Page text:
I had been pondering this as I realized that I had reached the milestone with which I began this essay – that it was ten years ago that I completed my final tour. Some finite milestones are only identifiable in hindsight – for example, the last time I walked off a tennis court (a few months after said final tour), I didn’t yet know that I was done, that took a series of medical visits and a period of contemplation to solidify. The Ripples album release tour, however, revealed itself in real time to be the end of a season.

(Note: I should clarify that a “tour” for me represents one of the following two things: performances on multiple consecutive days in different cities and/or a high concentration of geographically dispersed and not-necessarily-consecutive performances all revolving around a particular project or body of work. This is a caveat to distinguish from the “on the road for weeks or months at a time” level of touring of which my body has never been capable even in the barnstorming-from-my-1982-Volvo-station-wagon days of my mid-20s.)

In any case, this tour involved 10 stops in 8 states in a couple discrete chunks. With each late night and each bed-that-wasn’t-mine and each non-homecooked meal and each performance that extended beyond my body’s endurance, it was clear that I couldn’t do this again. Or, to be more accurate, that I wouldn’t do it again – the cost was higher than I’d be willing to pay moving forward, an important distinction as I had to take responsibility for that.

Interestingly, I enjoyed most of it – not just because I was savoring a last hurrah of sorts, but because it was genuinely fulfilling. I got to share high-quality music that I believed in with enthusiastic audiences in different places, playing with great musicians, chatting with different folks, seeing different places, cruising up the highway listening to and studying MLK’s oratory on books on tape. This is what makes the narrative counterintuitive in a sense – if it was agonizing, then explaining my decision would be more obvious and straightforward. As I was working on this, I saw a transcript from yesterday’s interview with the charming tennis player Alizé Cornet following the final match of her career. Discussing this transition (much more momentous than my own), she dropped the following gem: “What I will miss and not miss are pretty much the same thing.”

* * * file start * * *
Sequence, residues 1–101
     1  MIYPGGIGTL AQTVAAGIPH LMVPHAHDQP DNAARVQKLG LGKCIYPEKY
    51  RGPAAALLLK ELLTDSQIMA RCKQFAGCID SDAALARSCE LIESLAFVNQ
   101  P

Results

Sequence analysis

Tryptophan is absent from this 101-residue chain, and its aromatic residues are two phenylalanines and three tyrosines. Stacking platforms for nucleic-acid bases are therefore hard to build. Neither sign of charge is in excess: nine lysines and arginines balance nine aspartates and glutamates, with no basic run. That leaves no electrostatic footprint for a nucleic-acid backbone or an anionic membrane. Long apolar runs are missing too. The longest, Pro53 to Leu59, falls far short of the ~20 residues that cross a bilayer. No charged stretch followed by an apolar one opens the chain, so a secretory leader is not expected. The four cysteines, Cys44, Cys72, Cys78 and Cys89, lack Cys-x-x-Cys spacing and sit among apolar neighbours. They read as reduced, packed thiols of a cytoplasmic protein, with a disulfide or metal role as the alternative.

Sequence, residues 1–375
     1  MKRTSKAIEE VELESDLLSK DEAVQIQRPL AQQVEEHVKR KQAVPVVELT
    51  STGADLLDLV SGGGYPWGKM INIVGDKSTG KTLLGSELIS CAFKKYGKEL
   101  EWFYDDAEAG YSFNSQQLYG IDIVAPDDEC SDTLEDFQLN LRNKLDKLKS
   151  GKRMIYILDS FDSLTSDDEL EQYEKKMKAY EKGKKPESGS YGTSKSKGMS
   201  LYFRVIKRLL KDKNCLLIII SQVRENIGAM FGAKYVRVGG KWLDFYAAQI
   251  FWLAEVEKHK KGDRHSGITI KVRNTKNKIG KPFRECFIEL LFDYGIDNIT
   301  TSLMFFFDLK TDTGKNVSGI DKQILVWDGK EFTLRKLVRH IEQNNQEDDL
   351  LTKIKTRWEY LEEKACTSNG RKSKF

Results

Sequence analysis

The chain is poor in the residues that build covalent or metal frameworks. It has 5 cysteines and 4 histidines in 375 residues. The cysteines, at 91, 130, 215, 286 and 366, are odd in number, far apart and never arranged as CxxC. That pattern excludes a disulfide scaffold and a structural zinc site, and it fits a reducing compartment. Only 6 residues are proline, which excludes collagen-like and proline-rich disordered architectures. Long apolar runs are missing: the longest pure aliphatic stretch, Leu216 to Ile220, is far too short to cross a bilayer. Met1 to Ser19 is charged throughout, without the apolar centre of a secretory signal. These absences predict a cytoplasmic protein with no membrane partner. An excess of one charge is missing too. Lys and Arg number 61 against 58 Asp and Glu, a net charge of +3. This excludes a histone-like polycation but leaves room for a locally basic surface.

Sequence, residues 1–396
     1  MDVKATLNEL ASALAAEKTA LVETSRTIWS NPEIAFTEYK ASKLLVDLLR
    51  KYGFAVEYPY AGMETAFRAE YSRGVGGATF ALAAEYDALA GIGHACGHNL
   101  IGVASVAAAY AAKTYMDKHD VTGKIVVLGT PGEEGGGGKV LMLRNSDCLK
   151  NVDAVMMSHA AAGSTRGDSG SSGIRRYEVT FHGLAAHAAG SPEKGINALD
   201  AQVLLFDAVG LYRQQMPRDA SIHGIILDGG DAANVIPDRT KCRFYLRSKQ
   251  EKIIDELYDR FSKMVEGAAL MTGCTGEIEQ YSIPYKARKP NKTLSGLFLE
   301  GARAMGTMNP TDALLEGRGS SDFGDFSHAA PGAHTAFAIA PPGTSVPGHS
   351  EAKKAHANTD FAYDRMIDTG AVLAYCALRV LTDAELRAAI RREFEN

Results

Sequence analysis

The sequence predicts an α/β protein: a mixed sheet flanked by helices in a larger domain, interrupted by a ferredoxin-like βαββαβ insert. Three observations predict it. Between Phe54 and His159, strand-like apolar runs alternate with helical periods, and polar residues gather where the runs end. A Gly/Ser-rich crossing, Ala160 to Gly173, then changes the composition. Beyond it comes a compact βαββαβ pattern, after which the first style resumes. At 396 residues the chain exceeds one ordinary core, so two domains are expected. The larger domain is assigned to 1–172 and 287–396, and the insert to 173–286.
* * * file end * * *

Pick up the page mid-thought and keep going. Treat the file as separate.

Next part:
This is one of the silver linings of what those of us with EDS have experienced. Injured times and well times (or at least less-injured times) generally juxtapose in a back-and-forth flow, something rather different from the more conventional paradigm of expecting perpetual robust health to be a default state, viewing periods of injury and illness as an affront to one’s plans and viewing the likely eventual need to move on from an activity or capacity as the betrayal of a core entitlement. Anyone reading that sentence rationally can identify its absurdity easily, and yet when we combine the marketing techniques of the “wellness industry” with humans’ innate desire to look away from their frailty, it also makes sense why it’s so easy to lapse into that paradigm, just as so many of us lapse into taking for granted that we have certainty over the future in other ways that we know, rationally, are volatile.

In a way, the young man in this picture (is 40 young? I guess that’s another topic – sure seems that way now!) represents the last moment of obliviousness to the finite nature of that particular season, as the writing wasn’t really on the wall until the ride home from that first performance at the Jazz Gallery in NYC. I am grateful to him, though, for doing the soul searching in his 20s and 30s that made this particular shift feel like the latest in what he realized would be a lifetime of welcoming seasons, sometimes with open arms and sometimes with a layer of resentment, but welcoming them nonetheless. And as I lean into the enthusiasm of the current Spring, I am grateful not to be surprised that honoring the preceding Winter was an essential part of getting here. As such, I have to be grateful to EDS for helping prime me for that lesson – the joint flexibility is no fun, but if it has given me other kinds of flexibility, I won’t take that for granted.